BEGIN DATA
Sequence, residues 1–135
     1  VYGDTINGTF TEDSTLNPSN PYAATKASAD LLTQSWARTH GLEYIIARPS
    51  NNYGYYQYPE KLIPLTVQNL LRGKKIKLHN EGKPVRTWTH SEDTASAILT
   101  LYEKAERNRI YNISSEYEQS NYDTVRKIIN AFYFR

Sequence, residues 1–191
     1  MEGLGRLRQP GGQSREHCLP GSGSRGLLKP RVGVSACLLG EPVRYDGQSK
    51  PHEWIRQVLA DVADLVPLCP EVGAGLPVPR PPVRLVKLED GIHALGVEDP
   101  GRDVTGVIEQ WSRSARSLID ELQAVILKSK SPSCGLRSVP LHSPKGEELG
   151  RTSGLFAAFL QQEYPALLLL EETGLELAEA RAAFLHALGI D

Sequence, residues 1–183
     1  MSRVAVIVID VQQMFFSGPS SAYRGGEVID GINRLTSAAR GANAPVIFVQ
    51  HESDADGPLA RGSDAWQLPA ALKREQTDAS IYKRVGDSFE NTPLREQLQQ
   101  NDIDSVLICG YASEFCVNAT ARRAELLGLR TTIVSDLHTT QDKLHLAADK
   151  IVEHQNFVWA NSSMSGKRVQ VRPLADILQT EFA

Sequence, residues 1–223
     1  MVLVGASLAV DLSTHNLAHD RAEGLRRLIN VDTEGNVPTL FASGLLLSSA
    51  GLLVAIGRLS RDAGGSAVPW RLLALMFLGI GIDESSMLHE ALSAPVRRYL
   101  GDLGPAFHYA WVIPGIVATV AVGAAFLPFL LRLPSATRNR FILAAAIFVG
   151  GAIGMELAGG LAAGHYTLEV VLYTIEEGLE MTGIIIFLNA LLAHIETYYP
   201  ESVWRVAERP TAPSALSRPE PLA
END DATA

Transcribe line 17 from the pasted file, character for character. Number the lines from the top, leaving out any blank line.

    51  GLLVAIGRLS RDAGGSAVPW RLLALMFLGI GIDESSMLHE ALSAPVRRYL